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Archive for the ‘next generation SLAM’ Category

R2K+10 honors the 10th anniversary of the direct action mobilization against the Republican National Convention in Philadelphia in the year 2000.

Please enjoy these audio interviews with 6 former SLAM members who participated in R2K! Here is a short segment with wisdom from everyone:

Kai, Nermeen, Sandra, Anna, Mariano, and Kazembe talk about R2K

Below are the bios of each person and a list of audio segments with descriptions. All interviews were conducted and edited by Suzy Subways.

Kazembe is a writer and cultural organizer from the Bronx, NY, who works at the Brecht Forum. Click on the links below to listen to these audio segments:

SLAM’s direct action experience on access to CUNY, police brutality, and political prisoners

Kazembe on R2K’s historical moment

Kazembe on the raid of the Puppet Warehouse

Kazembe’s arrest and jail experience

Kazembe on the lessons of R2K

Complete interview with Kazembe

Nermeen was a SLAM member for 5 years. She is a mother and works with senior community members in Queens. Click on the links below to listen to these audio segments:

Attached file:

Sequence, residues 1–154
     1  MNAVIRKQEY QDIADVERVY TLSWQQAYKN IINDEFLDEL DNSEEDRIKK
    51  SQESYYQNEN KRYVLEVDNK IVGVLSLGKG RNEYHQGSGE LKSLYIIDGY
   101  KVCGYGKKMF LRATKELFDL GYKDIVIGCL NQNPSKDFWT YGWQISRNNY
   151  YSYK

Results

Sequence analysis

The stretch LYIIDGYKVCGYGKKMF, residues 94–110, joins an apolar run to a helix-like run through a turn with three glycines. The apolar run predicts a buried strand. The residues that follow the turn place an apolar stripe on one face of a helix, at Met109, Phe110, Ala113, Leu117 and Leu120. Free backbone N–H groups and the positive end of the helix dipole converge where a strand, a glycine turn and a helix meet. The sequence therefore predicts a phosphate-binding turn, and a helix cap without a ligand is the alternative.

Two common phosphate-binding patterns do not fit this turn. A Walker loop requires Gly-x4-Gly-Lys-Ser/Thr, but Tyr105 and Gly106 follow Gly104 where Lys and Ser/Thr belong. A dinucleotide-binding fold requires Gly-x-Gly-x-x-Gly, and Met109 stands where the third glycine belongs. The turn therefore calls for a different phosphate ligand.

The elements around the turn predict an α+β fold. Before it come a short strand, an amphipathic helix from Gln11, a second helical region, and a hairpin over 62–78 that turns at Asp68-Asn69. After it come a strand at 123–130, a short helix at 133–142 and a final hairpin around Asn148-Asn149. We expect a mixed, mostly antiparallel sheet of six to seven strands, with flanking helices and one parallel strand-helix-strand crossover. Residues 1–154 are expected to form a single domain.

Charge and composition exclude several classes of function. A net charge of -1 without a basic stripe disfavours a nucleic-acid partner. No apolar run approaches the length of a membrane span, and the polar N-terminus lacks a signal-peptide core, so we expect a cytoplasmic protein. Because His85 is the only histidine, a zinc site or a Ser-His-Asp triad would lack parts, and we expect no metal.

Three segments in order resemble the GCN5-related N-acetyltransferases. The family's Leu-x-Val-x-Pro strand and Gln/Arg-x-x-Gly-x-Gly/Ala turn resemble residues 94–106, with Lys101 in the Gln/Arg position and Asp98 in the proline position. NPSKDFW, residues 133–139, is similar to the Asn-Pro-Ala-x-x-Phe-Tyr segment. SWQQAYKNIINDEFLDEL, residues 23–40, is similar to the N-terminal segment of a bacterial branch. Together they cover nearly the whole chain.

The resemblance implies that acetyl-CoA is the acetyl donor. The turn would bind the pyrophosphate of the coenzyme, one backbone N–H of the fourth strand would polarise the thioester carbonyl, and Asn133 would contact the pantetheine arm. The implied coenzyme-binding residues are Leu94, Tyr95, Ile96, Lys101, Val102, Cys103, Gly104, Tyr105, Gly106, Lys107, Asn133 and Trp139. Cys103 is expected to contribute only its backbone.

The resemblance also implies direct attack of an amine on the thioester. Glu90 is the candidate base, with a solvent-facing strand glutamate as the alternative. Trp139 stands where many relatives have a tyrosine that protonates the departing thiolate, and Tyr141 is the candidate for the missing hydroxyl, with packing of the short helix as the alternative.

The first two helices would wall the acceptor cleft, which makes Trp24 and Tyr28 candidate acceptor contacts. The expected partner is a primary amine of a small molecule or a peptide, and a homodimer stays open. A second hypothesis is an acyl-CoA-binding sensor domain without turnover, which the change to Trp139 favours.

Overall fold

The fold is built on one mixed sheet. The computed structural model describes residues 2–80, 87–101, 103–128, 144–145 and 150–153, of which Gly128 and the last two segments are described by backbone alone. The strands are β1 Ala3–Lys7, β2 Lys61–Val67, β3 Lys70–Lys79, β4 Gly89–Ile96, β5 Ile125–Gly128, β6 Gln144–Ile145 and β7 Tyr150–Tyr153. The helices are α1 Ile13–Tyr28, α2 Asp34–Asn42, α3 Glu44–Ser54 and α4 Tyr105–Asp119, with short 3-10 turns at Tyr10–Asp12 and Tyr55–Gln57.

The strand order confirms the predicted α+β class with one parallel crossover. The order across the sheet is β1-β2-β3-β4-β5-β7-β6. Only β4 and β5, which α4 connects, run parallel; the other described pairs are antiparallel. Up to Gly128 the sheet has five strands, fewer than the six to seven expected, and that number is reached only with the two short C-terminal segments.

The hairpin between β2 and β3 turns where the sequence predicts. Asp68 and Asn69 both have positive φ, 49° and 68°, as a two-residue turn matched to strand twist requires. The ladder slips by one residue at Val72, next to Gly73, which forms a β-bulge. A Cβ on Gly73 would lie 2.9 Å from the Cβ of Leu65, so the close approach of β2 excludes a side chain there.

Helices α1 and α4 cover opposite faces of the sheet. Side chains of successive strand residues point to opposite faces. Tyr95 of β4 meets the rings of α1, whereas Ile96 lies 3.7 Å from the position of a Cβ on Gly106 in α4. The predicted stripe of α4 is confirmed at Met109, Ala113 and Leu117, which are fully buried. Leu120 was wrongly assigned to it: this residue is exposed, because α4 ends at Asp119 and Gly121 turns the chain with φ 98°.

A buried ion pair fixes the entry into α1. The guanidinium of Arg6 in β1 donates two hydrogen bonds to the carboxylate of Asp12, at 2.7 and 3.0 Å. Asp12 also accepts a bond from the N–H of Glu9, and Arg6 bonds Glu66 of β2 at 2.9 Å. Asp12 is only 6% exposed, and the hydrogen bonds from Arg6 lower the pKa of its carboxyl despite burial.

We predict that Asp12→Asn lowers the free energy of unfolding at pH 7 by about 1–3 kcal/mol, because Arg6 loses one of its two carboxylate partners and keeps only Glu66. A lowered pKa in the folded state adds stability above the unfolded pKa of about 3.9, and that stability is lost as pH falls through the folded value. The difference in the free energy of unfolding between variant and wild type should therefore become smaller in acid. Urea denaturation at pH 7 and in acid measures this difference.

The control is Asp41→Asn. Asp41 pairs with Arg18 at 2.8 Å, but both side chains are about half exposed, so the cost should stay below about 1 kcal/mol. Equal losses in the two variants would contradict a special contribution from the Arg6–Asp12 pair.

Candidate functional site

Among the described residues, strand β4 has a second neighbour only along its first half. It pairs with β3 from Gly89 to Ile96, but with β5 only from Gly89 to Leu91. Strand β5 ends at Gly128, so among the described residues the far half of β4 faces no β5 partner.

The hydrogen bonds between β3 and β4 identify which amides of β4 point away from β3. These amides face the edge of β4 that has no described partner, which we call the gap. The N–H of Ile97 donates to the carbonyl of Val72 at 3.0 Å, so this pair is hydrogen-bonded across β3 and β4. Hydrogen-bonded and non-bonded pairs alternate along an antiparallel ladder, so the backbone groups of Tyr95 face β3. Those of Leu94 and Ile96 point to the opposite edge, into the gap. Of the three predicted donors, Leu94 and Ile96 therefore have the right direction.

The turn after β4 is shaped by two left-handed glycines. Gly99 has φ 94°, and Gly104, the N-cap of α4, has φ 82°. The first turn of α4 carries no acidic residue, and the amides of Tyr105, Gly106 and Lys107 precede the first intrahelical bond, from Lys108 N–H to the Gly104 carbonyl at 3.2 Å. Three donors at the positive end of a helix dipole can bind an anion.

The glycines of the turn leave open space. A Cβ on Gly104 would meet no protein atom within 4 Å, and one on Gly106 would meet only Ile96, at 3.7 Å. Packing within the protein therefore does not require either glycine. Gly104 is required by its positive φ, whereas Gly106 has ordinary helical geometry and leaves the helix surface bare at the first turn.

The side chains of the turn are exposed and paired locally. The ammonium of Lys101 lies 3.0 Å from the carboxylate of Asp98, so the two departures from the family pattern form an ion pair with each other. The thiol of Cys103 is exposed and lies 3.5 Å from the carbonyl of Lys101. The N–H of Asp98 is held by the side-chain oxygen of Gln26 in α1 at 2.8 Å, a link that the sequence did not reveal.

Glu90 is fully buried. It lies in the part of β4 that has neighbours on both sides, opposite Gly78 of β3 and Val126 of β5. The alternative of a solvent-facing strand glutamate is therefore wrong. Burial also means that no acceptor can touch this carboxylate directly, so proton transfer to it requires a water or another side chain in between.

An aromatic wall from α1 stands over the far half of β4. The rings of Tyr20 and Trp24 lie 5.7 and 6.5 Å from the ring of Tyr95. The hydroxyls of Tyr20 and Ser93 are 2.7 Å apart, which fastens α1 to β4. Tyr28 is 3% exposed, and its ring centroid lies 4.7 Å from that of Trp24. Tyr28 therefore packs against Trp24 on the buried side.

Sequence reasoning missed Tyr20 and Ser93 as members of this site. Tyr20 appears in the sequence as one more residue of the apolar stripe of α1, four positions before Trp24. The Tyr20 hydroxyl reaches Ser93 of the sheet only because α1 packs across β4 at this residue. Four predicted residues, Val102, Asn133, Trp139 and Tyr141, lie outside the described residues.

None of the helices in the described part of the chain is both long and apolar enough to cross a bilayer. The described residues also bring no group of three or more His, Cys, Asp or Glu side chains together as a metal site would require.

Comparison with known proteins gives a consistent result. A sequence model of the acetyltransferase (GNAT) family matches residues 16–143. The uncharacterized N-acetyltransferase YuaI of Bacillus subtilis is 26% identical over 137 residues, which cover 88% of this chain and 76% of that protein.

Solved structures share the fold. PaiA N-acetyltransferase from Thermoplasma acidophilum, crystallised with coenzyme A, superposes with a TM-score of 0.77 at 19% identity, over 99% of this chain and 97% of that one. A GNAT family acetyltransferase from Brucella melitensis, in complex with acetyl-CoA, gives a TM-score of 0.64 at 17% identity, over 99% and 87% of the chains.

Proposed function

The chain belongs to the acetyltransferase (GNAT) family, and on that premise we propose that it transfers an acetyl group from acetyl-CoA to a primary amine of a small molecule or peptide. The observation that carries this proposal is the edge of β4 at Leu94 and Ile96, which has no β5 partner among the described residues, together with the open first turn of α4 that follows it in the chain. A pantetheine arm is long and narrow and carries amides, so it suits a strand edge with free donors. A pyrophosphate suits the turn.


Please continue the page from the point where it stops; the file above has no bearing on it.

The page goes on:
Nermeen on how the puppets worked with the lockdowns

Nermeen on supporting comrades in jail

Nermeen on flying squads vs. civil disobedience

Nermeen on the tactical successes of R2K

Nermeen on how mentoring worked in SLAM

Complete interview with Nermeen

Kai works with Critical Resistance and has been doing organizing around the prison industrial complex (PIC), which is inclusive of police violence, prisons, jails, courts, surveillance, and political prisoners, since 1978. She also merges visual art and organizing in an effort to reach the imagination and to help spark liberation, whether that’s imagining PIC abolition or being in the year 2078 with multiple genitalia. Click on the links below to listen to these audio segments: (more…)

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Student Activists Under Attack at City College of New York for Honoring Black and Puerto Rican Liberation Heroes

Door to The Morales / Shakur Community and Student Center

by Brad Sigal | Fight Back News Service

December 18, 2006

New York, NY – The New York Police Department is on the defensive because of mass outrage over the police’s murder of Sean Bell. Bell, a 23-year old unarmed African American man was killed by the NYPD in a hail of 50 bullets Nov. 25 a few hours before he was going to be married. His murder has sparked large protests against racist police brutality.